Syrian refugees face hurdles obtaining work permits in Jordan
By Mohammed Ghazal in Amman
Many Syrian refugees in Jordan do not have work permits because they either do not know how to apply for one or they falsely believe that acquiring a permit will hurt their prospects of receiving aid, a recent report has found.
This underscores the need for large-scale awareness campaigns to ensure that Syrians get access to work permits, experts told Al-Mashareq.
Work permits provide protection to both the refugees and their employers, they said, and enable them to work legally without hindrance.
The report, issued by the Amman-based Arab Renaissance for Democracy and Development (ARDD) in late October, focused on the employment of Syrian refugees in Jordan and the difficulties they face in obtaining work permits.
It said that despite the facilities provided by the Jordanian government to integrate them into the labour market, many Syrian refugees still did not have a work permit.
Some of the obstacles standing in the way of them getting a work permit include their ignorance of the process of obtaining one, or their reluctance to do it for fear of losing the aid they receive from donor organisations.
Some Syrians "believe that the fees for obtaining work permits reach as high as 1,000 dinars ($1409), or that obtaining them precludes them from accessing the services provided by UNHCR or [hurts their chances for] resettlement", the report said.
Free work permits until the end of 2018
The Ministry of Labour has been issuing work permits to Syrian refugees free of charge since 2016, and will continue to do so until the end of this year, ministry spokesman Mohammad al-Khatib told Al-Mashareq.
The number of work permits issued to Syrians has now surpassed 121,000 permits across several sectors, he said.
Jordan began issuing permits to Syrian refugees following the Syria donors' conference in February 2016, as part of an agreement reached with the EU to facilitate the entry of Jordanian exports to EU countries.
The agreement, known as the Jordan Compact, provides Jordan with $1.8 billion in grants and loans as well as preferential trade agreements for certain products from Jordanian businesses employing at least 15% Syrian refugees.
In exchange, Jordan agreed to expand educational and economic access for Syrian refugees in the country, including issuing 200,000 work permits for Syrian refugees in specific sectors.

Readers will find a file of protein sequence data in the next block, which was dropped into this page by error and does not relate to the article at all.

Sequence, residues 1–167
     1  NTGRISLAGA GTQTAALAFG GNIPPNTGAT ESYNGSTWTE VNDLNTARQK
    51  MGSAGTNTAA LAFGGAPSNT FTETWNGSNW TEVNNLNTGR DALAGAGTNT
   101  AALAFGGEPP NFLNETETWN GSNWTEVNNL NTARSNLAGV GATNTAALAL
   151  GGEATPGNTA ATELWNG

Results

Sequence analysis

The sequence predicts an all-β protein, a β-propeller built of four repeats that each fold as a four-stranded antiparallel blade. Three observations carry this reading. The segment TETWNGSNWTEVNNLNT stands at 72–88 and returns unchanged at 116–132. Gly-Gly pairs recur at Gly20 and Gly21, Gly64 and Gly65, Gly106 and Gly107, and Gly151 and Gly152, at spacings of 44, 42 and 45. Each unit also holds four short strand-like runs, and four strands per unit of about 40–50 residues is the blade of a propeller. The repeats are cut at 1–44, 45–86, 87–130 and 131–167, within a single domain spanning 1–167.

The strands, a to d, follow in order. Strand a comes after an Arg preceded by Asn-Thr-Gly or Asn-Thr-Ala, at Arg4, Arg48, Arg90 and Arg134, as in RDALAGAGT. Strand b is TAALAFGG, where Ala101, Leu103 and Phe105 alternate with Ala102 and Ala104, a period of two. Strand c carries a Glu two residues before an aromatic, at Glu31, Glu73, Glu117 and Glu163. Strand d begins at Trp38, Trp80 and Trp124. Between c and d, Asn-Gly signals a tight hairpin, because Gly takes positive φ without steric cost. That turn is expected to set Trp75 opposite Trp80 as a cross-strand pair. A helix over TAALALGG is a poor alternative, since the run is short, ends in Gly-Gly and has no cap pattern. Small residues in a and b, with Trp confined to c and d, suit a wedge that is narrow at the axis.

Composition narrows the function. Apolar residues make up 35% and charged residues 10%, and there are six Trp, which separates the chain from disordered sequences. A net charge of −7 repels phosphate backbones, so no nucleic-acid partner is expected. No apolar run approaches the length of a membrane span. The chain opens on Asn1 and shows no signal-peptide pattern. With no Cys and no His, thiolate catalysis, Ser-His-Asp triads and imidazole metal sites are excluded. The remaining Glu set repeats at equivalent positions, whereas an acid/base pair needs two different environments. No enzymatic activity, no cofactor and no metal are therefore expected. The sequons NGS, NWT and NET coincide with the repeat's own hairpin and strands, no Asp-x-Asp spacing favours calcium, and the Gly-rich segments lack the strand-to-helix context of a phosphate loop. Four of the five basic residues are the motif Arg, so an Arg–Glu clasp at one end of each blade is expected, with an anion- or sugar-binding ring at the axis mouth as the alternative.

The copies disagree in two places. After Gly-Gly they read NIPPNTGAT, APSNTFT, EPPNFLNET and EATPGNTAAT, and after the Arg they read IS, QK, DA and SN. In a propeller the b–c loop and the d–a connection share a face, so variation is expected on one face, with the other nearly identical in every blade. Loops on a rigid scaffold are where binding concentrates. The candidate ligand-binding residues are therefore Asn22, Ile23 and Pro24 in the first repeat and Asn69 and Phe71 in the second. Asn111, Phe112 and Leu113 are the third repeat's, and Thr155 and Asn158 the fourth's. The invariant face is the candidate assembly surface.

"The number of work permits issued to Syrian refugees must reach 200,000 in order for Jordan to benefit further from the agreement with the EU," economist Hossam Ayesh told Al-Mashareq.
Need for national awareness campaign
The refugees’ "lack of knowledge about the issuance of work permits is one of the main obstacles hindering the process", he said, adding that many do not know they can obtain permits free of charge.
"Therefore, a national campaign must be launched to inform them and raise their awareness about this issue," Ayesh said.
Fees may be imposed next year for the issuance of permits, he said, so it is important refugees apply for one before the end of the year.
Another obstacle is that many Syrian refugees are afraid obtaining a work permit would preclude them from receiving aid from UN and other charitable organisations, he said.
"This is not true and reassurances must be made in this regard by the relevant authorities," he added.
Tamer al-Kalut, the owner of a textile factory in Marka district in Amman, said he found it difficult to find and hire Syrian workers with work permits.
"Almost every day many Syrians come in asking for jobs and they are willing to work for any salary, but the problem is that they do not have work permits and do not know they can obtain one easily and free of charge," he told Al-Mashareq.
More awareness-raising is required to increase the number of refugees with work permits, al-Kalut said.
For further information on applying for work permits, Syrian refugees can visit the "Syrian Labour" section of the Jordanian Ministry of Labour's website.